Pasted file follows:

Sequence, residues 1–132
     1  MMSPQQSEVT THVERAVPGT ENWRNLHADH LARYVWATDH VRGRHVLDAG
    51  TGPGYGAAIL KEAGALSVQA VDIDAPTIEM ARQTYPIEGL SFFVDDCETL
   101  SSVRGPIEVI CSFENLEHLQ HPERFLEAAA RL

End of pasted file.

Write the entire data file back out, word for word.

Sequence, residues 1–132
     1  MMSPQQSEVT THVERAVPGT ENWRNLHADH LARYVWATDH VRGRHVLDAG
    51  TGPGYGAAIL KEAGALSVQA VDIDAPTIEM ARQTYPIEGL SFFVDDCETL
   101  SSVRGPIEVI CSFENLEHLQ HPERFLEAAA RL